The Roof Rat is one of two introduced rats found in throughout the United States. The Norway rat is the other species and is better known because of its widespread populations. The Roof Rat is commonly known as the, black rat, and ship rat. Roof Rats were common on early sailing ships and apparently arrived in North America by that route. This rodent has a long history as a carrier of bubonic plague.
Roof Rats are more aerial than Norway rats in their habitat selection and often live in trees or on vine-covered fences. Landscaped residential or industrial areas provide good habitat, as does, vegetation of riverbanks and streams. Parks with natural and artificial water features, or reservoirs also, may be infested. Roof Rats will often move into citrus groves. These rodents are commonly found living around poultry or other farm buildings as well as in industrial sites where food and harborage are available.
Roof Rats frequently enter buildings from the roof or from accesses near overhead utility lines, which they use to travel from area to area. They are often found living on the second floor of a warehouse in which Norway rats occupy the first or basement floor. Once established, they readily breed and thrive within buildings, just as Norway rats do.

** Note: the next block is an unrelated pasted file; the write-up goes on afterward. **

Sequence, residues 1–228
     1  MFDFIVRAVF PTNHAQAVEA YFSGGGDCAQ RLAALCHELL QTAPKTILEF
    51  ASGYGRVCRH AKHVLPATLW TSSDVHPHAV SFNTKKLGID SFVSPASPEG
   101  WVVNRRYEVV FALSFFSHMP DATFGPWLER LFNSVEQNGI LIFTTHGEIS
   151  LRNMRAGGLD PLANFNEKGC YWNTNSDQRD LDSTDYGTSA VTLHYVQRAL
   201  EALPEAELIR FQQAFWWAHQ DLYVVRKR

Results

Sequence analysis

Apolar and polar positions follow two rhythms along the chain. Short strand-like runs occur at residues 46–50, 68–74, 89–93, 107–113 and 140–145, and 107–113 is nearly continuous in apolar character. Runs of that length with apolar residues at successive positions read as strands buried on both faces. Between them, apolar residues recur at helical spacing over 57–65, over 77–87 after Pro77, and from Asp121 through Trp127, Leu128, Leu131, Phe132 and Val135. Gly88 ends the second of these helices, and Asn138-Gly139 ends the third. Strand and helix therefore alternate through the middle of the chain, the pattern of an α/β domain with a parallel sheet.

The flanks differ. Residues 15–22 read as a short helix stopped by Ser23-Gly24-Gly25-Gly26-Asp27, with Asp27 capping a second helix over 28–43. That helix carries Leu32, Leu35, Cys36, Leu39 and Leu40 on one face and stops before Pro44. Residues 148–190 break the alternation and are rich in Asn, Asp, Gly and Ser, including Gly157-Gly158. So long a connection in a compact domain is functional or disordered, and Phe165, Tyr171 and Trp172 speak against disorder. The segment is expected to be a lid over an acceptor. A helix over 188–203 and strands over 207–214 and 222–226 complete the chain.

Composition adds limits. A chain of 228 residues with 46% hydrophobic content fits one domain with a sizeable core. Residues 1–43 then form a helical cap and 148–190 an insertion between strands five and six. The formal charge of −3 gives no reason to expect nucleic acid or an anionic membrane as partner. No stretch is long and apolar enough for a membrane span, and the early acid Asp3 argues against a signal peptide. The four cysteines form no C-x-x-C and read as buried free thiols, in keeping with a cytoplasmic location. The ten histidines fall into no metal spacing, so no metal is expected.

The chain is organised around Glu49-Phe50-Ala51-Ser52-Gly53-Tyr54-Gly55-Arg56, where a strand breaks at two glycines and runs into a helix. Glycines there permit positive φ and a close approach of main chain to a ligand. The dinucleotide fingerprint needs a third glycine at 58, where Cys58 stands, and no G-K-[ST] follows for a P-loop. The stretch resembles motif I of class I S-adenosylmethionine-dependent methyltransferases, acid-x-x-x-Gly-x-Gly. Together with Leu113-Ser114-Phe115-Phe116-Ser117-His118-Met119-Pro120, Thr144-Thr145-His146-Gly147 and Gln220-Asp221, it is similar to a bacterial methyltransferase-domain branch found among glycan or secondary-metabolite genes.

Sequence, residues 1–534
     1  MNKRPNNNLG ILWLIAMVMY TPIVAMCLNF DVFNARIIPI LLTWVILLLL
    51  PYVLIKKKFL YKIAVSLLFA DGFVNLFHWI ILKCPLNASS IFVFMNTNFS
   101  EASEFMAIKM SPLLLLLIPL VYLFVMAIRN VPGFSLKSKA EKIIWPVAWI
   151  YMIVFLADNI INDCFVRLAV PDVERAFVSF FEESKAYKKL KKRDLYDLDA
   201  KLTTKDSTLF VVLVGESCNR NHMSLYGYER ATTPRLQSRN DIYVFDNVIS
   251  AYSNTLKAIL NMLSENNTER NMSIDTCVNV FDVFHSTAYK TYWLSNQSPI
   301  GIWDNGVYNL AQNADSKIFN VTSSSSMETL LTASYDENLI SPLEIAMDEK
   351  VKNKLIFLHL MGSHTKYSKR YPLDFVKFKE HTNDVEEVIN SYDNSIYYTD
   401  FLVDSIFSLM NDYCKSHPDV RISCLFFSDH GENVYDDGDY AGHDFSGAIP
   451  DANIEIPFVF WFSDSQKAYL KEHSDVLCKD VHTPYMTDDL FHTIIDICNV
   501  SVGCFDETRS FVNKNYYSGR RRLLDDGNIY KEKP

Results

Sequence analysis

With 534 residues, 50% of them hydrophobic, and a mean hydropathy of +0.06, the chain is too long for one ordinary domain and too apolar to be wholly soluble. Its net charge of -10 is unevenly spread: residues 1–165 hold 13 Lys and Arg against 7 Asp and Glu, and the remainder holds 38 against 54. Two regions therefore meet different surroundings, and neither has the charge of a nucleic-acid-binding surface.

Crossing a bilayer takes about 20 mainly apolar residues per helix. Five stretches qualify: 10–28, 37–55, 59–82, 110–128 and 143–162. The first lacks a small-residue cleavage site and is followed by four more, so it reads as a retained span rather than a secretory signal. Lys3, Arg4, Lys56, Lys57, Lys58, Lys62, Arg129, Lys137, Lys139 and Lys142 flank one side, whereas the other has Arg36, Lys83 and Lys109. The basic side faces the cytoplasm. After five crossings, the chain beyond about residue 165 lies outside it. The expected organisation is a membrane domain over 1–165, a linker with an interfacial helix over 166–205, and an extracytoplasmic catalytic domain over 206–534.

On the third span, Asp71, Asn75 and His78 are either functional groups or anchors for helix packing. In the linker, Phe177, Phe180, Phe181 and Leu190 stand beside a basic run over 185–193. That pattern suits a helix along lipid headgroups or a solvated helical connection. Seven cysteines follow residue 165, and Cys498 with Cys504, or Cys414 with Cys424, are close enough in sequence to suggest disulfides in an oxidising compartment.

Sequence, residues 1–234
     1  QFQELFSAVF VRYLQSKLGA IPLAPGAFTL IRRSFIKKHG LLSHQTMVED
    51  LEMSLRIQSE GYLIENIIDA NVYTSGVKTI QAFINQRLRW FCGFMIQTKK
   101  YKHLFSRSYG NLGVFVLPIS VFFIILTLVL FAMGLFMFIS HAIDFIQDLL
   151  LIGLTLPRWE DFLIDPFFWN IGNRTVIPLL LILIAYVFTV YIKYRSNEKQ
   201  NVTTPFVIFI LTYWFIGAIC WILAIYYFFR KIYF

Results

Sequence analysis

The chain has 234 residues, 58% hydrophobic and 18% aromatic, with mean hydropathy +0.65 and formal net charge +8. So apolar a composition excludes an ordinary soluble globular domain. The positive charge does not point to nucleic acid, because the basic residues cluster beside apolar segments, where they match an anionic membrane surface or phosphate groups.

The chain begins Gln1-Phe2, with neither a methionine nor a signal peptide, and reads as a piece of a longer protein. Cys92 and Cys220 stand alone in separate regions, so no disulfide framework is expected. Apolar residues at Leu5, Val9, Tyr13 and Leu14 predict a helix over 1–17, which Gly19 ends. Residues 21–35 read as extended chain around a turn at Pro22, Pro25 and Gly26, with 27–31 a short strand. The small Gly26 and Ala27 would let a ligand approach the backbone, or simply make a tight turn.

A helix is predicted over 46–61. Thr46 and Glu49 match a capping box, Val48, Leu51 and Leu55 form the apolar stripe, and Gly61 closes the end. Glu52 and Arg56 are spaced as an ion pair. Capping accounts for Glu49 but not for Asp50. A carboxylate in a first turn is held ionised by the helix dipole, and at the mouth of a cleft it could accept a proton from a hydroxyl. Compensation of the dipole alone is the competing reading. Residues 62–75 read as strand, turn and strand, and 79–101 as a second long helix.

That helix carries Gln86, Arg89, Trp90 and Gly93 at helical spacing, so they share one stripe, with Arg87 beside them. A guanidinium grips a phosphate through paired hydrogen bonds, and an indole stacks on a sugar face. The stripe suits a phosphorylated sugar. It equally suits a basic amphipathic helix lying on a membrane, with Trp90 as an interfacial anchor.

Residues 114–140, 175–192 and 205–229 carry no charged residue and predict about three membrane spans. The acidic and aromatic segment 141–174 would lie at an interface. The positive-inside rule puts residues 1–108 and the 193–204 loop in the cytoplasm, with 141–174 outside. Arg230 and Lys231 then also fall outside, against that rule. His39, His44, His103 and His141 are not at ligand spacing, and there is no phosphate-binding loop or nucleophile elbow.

Control methods must reflect an understanding of the Roof Rat’s harborage requirements, reproductive capabilities, diet, life history, behavior, senses, movements, and the inner workings of its population structure. Without this knowledge, both time and money are wasted, and the chances of failure are increased.
The young are born in a nest about 21 to 23 days after conception. At birth, they are hairless, and their eyes are closed. The 4 to 9 young in the litter develop rapidly, growing hair within a week. Between 9 and 14 days, their eyes open, and they begin to explore for food and move about near their nest. In the third week, they begin to eat solid food. The number of litters depends on the area and weather conditions, availability of nutritious food, density of the local rat population, and the age of the rat. Typically, three or more litters may be produced annually, per female.
The young may continue to nurse until 4 or 5 weeks old. By this then, they have learned what is good to eat by experimenting with potential food items and by imitating their mother.
Young rats generally cannot be trapped until about a month old. At about three months old, Roof Rats are completely independent of the mother and are able to reproduce.
Breeding seasons vary in different areas. In tropical or semi-tropical regions, the season may be nearly year-round. Usually the peaks in breeding occur in the spring and fall. Roof Rats prefer to nest in off the ground nests.
Roof Rats usually begin searching for food shortly after sunset. If the food is in an exposed area and too large to be eaten quickly, they will usually carry it to a hiding place before eating it. Roof Rats may hoard considerable amounts of solid food, which they eat later. Such caches may be found in a dismantled wood pile, attic, or behind boxes in a garage.